Pre-existing interprofessional collaboration embedded in quality circles was also considered as a facilitator. The involvement and support of each HCP was rated as high. HCPs recognized a specific role for each HCP which actively contributes to the intervention. These results inform that interprofessional collaboration was already well established prior to the intervention.
In addition, most HCPs considered that each of them has at least one important role in the deprescribing process, except for pharmacist’s role. The most relevant tailored strategies to implement the deprescribing consensus were the identification of the patients by the pharmacist and a systematic review of patient medications. The tailored strategies of the consensus defined by the nursing home teams gave HCPs an opportunity to be more active in operationalising the intervention which is a recognized factor to improve implementation [42, 66]. Therefore, we encourage more active participation of HCPs in the design of clinical interventions to implement, while ensuring that general standards of care are respected.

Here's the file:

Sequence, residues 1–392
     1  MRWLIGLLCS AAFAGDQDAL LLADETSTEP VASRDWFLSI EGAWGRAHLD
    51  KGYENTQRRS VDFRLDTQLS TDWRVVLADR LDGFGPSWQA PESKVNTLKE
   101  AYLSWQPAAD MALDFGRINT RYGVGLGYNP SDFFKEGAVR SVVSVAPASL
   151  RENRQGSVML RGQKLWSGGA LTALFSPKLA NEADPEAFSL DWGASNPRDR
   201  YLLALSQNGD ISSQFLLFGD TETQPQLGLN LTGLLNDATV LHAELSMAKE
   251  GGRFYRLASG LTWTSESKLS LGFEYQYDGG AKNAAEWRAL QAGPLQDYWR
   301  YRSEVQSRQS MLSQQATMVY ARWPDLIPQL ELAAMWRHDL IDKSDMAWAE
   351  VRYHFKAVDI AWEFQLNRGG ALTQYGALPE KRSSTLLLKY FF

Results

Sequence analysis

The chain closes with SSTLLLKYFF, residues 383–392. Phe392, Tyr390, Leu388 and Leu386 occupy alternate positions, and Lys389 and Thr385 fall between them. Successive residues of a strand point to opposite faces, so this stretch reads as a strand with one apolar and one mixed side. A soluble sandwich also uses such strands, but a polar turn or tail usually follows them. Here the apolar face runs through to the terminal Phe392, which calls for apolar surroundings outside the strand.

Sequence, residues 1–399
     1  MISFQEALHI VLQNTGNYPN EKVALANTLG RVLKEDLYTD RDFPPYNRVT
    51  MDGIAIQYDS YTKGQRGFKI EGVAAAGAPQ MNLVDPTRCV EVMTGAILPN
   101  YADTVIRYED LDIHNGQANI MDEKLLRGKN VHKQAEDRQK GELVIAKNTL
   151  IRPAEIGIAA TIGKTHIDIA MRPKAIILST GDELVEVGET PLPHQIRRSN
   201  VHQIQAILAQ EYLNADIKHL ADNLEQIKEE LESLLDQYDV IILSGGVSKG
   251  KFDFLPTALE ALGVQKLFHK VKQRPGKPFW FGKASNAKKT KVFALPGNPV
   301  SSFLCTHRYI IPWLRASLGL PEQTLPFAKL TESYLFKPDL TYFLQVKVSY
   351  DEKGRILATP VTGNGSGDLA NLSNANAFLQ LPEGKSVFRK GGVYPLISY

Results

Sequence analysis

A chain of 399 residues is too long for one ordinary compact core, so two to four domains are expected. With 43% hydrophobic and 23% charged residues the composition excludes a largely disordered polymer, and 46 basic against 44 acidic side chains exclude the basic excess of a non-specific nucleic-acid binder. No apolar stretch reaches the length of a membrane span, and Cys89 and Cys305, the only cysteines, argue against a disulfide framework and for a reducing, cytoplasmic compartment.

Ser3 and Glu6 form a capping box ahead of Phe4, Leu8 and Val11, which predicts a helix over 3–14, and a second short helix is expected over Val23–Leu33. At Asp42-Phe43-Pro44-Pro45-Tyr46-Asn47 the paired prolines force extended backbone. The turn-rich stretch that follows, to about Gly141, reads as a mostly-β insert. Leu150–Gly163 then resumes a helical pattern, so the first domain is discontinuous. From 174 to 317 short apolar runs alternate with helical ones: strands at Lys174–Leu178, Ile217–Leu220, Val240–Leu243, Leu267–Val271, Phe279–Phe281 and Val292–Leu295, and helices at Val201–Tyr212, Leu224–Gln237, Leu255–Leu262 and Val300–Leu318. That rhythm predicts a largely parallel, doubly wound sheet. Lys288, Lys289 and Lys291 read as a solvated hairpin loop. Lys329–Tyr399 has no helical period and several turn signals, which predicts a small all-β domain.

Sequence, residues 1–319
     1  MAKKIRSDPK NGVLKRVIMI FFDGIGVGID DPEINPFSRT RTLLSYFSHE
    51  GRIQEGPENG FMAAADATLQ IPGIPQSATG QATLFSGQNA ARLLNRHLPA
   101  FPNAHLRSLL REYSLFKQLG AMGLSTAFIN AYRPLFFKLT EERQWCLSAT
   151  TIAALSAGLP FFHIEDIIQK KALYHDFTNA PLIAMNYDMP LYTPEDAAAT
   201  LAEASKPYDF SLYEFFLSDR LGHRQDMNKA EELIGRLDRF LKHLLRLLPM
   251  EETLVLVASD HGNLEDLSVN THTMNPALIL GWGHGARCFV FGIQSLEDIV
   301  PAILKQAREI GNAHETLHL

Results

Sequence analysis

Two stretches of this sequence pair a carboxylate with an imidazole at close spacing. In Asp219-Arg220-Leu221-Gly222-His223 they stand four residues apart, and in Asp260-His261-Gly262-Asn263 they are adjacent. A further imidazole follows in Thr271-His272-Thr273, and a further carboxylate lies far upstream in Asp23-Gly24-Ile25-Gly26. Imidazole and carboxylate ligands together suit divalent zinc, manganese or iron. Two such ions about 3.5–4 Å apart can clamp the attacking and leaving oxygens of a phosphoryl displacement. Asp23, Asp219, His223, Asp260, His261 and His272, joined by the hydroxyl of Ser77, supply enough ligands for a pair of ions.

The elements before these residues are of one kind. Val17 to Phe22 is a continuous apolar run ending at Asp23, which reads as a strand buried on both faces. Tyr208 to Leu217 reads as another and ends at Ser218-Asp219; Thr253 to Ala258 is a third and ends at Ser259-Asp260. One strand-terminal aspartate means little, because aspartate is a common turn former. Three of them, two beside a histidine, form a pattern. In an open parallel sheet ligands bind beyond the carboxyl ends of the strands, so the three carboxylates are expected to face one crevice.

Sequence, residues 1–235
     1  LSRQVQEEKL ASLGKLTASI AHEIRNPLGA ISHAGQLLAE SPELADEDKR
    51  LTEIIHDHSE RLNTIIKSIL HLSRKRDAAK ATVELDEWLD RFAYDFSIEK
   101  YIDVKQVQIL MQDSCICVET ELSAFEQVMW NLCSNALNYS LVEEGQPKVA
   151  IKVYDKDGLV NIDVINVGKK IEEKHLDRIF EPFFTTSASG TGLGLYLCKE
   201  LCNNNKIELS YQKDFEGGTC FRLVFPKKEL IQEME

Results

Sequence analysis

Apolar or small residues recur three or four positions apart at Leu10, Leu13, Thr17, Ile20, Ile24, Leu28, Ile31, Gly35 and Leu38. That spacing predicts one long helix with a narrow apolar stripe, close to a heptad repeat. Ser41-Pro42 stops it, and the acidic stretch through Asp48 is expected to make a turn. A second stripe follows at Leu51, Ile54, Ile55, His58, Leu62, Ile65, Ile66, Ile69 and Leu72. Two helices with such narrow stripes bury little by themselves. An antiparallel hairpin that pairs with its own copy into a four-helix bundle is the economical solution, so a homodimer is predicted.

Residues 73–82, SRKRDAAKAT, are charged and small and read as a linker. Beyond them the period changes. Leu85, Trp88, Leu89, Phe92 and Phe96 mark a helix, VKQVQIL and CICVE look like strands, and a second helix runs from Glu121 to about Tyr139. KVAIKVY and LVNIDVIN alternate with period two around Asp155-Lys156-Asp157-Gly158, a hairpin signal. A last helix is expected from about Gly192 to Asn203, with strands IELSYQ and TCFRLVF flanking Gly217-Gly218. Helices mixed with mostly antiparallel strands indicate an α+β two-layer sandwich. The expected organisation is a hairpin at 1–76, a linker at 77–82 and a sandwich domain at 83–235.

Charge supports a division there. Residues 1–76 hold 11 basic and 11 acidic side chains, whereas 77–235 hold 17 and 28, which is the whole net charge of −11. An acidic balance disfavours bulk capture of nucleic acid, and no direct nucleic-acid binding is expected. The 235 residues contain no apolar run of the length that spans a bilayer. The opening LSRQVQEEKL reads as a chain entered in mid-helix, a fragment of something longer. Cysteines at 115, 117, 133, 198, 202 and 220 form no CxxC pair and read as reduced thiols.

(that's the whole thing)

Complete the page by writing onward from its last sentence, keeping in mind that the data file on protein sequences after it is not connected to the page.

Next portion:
Strengths and limitations
This study has strengths. First, it assessed a multitude of exploratory implementation outcomes, which aimed to better describe how the intervention was implemented in practice and may better inform future implementation evaluations.
Secondly, the hybrid design of the pragmatic trial will save time for future implementations by providing insights into adoption, fidelity, reach, implementation and implementation effectiveness. Lastly, we had access to IPS monitoring data two years after the intervention and were able to compare these data with the data from the questionnaires. This allowed us to obtain additional quantitative information about maintenance through the rate of PIM and to compare it to data from the questionnaire on HCPs perception of maintenance.
In terms of limitations, this study was an observational study in a clinical research setting, embedded in a RCT. This context limited the ability to evaluate the implementation outcomes in all nursing homes of the IPS. The questionnaires we used were not validated. Missing data and the response rate were also a limitation to this study. Indeed, the response rate of the questionnaires at follow-up was low, particularly for nurses compared to HCPs who participated to the QC-DeMo session. We suggest, digital questionnaires to be used instead of paper ones to avoid the mailing process.